Plans to demolish "deteriorating" buildings at La Pulente to make way for tourist accommodation have been rejected by the Environment Minister over fears they would harm the coast and disturb neighbours.
Submitted by Riva Architects, the plans to revamp the area next to the former Blue Fountain restaurant were approved in March, but an appeal was lodged by a neighbour just three weeks later.
If implemented, the proposals would have seen two garages, a studio flat and a one-bedroom cottage demolished to create a building with two three-bedroom units and another one including a four-bedroom unit.
The owners had indicated they wanted to be living in a private home on site to service and manage the self-catered units. To do so, part of the house had been dedicated to laundry facilities and the storage of linen, cleaning equipment and spare furniture and included an office space for management.
Pictured: An aerial view of the proposed development. (Riva Architects)
But their neighbour, who is said to live 50 metres from the site, voiced concerns over the tourist accommodation being changed to residential use or used as such.
Nigel McGurk, the Planning Inspector appointed to deal with the appeal, said the main issues revolved around whether the accommodation would be “a form of sustainable development” and the effects it would have on neighbours and their privacy.
While he acknowledged neither of the current structures were “attractive” and that their interiors appeared “awkwardly laid out and physically run-down”, Mr McGurk said they were relatively small and would not “unduly crowd” the site. He added that they were unobtrusive and did not attract attention to themselves.
The proposed buildings, he said, would be taller and bigger in volume with one of them extending to the side over the garden area. He also added that the balcony in the new building would extend closer to the neighbouring property.
Pictured: The Planning Inspector said the the proposed building would have a significantly greater visual impact than the building it would replace.
Mr McGurk noted that Visit Jersey supported the application – describing the site as an ideal location for tourist accommodation, for which it considers there is significant demand – and that the site was “generally well-located for tourist accommodation.”
However, he added that the development was in “direct conflict with land use planning policy requirements in respect of the Coastal National Park, whose primary purposes are 'the conservation and enhancement of its natural beauty, wildlife and cultural heritage; and the promotion of opportunities for the understanding and enjoyment of its special qualities by the public'.”
He also said that the proposed building would have a significantly greater visual impact than the building it would replace, especially due to the use of very large glazed windows and doors connecting to a balcony.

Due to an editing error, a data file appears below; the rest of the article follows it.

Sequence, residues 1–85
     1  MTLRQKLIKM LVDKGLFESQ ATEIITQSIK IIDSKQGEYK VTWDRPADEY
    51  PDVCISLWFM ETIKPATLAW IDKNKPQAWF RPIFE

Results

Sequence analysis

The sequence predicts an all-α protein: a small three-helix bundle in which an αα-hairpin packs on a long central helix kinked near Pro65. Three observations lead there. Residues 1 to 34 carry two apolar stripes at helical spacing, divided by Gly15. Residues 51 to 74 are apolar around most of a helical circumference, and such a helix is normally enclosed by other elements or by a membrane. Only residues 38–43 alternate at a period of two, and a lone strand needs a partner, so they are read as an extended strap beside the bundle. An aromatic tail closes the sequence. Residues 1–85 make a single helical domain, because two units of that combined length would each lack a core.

Pictured: The site (right) is located next to the former Blue Fountain restaurant on Route de la Pulente.
“Rather than simply appear as two attractive buildings of a similarly modest scale as those buildings which it is proposed to replace, the proposed development would introduce a significantly greater scale of development than that which currently exists, with a resultant increase in visual impact," Mr McGurk wrote.
"I find that this would serve to harm landscape context and character, whereby the proposed development would, due to its scale and appearance, result in a considerably more dominant and visually intrusive form of development than that which currently exists."
While the owners of the site pointed out to the inspector that other tourist developments existed in the area, he said the harm caused by the proposed development was not “mitigated or outweighed by the presence of other developments elsewhere.”
Pictured: The Environment Minister approved the Inspector's recommendations and rejected the application.
The Planning Inspector added that outside of the Coastal National Park, there would be more scope to redevelop what he described as a run-down site and buildings of poor quality.
Mr McGurk went on to say that “larger, more spacious tourism accommodation and larger, more spacious residential accommodation is generally more preferable to tourists and to residents respectively, than smaller, less spacious accommodation.”
The Environment Minister agreed with the recommendation of the Inspector, citing harm to the Coastal National Park and “an unreasonable level of harm to the living conditions of nearby residents by virtue of loss of privacy” as his reasons.
He subsequently upheld the appeal, and rejected the planning application.
Comments on this story express the views of the commentator only, not Bailiwick Publishing. We are unable to guarantee the accuracy of any of those comments.
Once your comment has been submitted, it won’t appear immediately. There is no need to submit it more than once. Comments are published at the discretion of Bailiwick Publishing, and will include your username.
There are no comments for this article.